We talk to the innovative British artist about her brand new exhibition, which aims to redefine our perception of luxury objects
Who? Anna Lomax describes herself as a "London-based maker and collector," but considering the breadth and diversity of projects she has put her name to, this prescriptive subheading scarcely seems to cover it. Her work spans set design, installations, photo shoots and fashion campaigns, with each bearing her characteristic offbeat stamp, allowing pop culture and colour to run riot.
First and foremost, Lomax is a collector, dusting both her home and studio with an eclectic but cohesive assortment of objects that she has compiled over years. "I have big collections that inspire my work," she says. "Normally they are based around texture, or material things that have a sense of humour." Her collection is perpetually growing. "There is always something new that I want – I'm a hoarder!" she says. "But the one thing I had drooled over for years was a Sottsass Casablanca unit, and I bought it earlier this year. It's in my living room; I feel like I'm living in MoMA."
She's also collecting finishing touches and accoutrements for the house of her dreams. "I would really like my own bathroom to decorate," she continues. "I have gold swan taps, the same as Jayne Mansfield's from her Pink Palace, and I want to be able to have a marble and pink bathroom for them to live in."
What? Alongside dreaming up bizarre and brilliant sets for Kenzo, Vogue and the Tate, Lomax has a string of personal projects, of which her new exhibition Luxury Goods at London's KK Outlet is the culmination. The show explores the concept of luxury in all its guises, challenging her viewer's understanding of authenticity through unexpected material collaborations. "I like a really good fake," Lomax confesses, "be it out of context, like the Louis Vuitton wastepaper bin I own, or the 90s fake Versace jacket I have that's so well made you'd never question whether it had come straight out of Gianni's hands."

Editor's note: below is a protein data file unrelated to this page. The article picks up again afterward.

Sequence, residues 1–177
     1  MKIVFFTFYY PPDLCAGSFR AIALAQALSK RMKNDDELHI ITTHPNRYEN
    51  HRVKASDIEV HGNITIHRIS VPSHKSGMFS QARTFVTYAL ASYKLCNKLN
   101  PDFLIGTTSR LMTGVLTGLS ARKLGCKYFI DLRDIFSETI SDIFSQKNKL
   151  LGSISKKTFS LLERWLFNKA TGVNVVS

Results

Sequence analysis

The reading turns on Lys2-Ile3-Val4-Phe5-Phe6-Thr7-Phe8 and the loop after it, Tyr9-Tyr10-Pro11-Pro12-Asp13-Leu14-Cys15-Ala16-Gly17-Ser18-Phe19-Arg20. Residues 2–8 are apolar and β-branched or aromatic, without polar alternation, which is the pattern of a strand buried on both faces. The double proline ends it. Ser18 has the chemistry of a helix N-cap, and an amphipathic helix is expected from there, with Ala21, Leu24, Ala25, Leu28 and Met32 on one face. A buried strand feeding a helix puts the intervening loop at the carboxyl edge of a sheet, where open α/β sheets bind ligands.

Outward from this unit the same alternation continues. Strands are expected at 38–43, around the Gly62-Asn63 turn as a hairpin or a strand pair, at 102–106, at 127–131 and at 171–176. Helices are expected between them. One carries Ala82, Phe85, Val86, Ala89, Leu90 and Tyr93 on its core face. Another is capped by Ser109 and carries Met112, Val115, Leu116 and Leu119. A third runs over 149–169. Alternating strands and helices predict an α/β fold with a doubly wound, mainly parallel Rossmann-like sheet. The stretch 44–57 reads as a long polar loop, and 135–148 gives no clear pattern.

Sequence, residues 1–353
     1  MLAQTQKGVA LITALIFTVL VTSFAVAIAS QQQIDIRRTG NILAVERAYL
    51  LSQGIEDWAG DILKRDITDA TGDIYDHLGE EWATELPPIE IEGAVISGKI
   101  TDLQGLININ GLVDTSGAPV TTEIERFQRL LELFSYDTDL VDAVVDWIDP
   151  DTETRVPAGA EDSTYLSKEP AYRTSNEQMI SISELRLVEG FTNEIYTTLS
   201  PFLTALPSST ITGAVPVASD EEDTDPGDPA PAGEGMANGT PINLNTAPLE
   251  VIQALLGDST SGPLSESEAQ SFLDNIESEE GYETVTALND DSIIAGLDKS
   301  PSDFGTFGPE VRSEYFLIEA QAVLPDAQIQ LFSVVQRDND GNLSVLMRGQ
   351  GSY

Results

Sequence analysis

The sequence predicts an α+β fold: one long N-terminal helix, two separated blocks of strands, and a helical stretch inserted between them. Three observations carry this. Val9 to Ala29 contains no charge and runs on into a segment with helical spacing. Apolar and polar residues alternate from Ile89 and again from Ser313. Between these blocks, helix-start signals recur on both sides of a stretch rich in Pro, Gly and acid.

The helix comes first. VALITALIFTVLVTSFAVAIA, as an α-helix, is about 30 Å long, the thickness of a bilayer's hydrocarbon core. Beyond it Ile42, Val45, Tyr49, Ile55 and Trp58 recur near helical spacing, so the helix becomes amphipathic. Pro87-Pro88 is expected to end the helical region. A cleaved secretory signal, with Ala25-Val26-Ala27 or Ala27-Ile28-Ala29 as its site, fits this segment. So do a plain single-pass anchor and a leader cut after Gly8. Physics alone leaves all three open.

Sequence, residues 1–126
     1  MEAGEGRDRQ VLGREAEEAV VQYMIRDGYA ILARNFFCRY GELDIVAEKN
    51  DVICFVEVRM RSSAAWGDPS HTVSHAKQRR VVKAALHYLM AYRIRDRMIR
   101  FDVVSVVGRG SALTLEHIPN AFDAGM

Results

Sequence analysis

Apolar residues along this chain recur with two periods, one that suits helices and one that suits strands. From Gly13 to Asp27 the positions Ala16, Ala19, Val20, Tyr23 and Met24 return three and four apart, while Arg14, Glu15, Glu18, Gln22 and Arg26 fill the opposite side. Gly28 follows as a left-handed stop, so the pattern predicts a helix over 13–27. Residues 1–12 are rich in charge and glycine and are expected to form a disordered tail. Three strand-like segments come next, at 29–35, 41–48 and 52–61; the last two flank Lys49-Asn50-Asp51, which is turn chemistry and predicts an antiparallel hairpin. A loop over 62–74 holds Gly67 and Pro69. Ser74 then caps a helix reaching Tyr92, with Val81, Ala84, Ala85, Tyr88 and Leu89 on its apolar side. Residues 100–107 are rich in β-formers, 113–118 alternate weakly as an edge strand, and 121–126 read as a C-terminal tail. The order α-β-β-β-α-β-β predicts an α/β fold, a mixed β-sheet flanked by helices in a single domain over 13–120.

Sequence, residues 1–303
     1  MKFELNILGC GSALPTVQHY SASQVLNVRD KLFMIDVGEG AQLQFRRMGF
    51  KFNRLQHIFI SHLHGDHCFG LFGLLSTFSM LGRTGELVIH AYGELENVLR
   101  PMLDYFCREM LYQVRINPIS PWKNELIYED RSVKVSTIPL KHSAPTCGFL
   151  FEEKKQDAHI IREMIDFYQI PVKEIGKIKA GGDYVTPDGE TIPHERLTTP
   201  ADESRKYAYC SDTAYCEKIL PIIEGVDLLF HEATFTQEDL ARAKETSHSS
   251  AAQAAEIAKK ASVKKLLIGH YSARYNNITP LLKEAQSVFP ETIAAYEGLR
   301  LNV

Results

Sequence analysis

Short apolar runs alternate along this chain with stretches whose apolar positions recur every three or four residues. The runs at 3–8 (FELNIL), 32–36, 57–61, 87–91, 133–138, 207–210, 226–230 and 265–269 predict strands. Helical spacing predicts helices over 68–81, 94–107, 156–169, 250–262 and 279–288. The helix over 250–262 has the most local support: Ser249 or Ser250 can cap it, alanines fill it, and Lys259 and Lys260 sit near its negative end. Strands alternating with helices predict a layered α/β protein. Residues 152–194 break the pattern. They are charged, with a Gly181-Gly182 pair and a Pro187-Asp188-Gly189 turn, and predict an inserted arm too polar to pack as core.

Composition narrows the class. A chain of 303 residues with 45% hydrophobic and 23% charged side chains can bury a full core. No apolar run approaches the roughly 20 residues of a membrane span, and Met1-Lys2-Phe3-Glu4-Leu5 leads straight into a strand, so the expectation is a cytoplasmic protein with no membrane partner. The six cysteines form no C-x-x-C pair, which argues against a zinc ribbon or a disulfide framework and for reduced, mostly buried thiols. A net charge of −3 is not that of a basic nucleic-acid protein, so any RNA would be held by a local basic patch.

Why? Lomax specialises in "odd pairings," as she describes them, and most recently her pursuit has led her to look at mass manufactured objects in a new light, recreating authentic models from her archive in new materials. "It's almost like creating a fake of one the pieces by upgrading or downgrading its material status." As such, Luxury Goods will contain several pieces in which conventional materials have been swapped out. "There are lots of experiments in the show that I'm really excited about," she says. "I hope viewers find one of the pieces sparks an idea or makes them remember a time or place, and reminds them that a luxury object might be right in front of you in a place they didn't think to look."
Luxury Goods runs at London's KK Outlet from September 4-26.